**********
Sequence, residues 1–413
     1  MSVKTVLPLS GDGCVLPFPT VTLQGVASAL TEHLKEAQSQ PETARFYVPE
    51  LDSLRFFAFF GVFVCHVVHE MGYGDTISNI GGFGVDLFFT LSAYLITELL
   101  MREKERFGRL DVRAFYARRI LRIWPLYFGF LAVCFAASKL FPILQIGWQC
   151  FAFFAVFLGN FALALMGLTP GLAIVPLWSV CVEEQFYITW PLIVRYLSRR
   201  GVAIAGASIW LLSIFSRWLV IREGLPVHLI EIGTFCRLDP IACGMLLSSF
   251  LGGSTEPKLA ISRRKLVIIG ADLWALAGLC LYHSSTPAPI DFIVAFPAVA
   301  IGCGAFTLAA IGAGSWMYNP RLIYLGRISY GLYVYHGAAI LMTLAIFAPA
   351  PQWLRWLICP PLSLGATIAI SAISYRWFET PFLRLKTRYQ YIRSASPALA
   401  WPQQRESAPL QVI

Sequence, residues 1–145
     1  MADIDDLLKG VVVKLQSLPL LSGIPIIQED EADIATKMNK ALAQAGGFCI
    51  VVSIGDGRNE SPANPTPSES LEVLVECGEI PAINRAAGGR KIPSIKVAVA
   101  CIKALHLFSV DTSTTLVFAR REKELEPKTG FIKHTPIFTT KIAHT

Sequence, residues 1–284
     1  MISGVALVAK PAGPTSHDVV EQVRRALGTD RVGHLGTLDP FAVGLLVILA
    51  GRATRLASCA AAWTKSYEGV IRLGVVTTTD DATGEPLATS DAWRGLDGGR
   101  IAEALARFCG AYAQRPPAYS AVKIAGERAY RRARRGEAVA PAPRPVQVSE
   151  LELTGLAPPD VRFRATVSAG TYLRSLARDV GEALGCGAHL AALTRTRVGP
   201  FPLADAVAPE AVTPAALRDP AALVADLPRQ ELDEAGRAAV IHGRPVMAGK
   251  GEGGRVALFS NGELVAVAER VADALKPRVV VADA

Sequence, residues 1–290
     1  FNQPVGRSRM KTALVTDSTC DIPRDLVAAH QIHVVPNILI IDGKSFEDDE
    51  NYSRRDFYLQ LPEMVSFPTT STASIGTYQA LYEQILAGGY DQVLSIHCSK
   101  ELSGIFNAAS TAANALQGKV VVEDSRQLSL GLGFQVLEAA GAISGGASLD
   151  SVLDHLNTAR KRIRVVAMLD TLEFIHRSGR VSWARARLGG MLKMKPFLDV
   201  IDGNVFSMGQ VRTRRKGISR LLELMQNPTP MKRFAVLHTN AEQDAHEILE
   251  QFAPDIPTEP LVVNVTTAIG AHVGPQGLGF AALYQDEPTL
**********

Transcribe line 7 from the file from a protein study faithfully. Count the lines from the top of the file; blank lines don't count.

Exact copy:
   251  LGGSTEPKLA ISRRKLVIIG ADLWALAGLC LYHSSTPAPI DFIVAFPAVA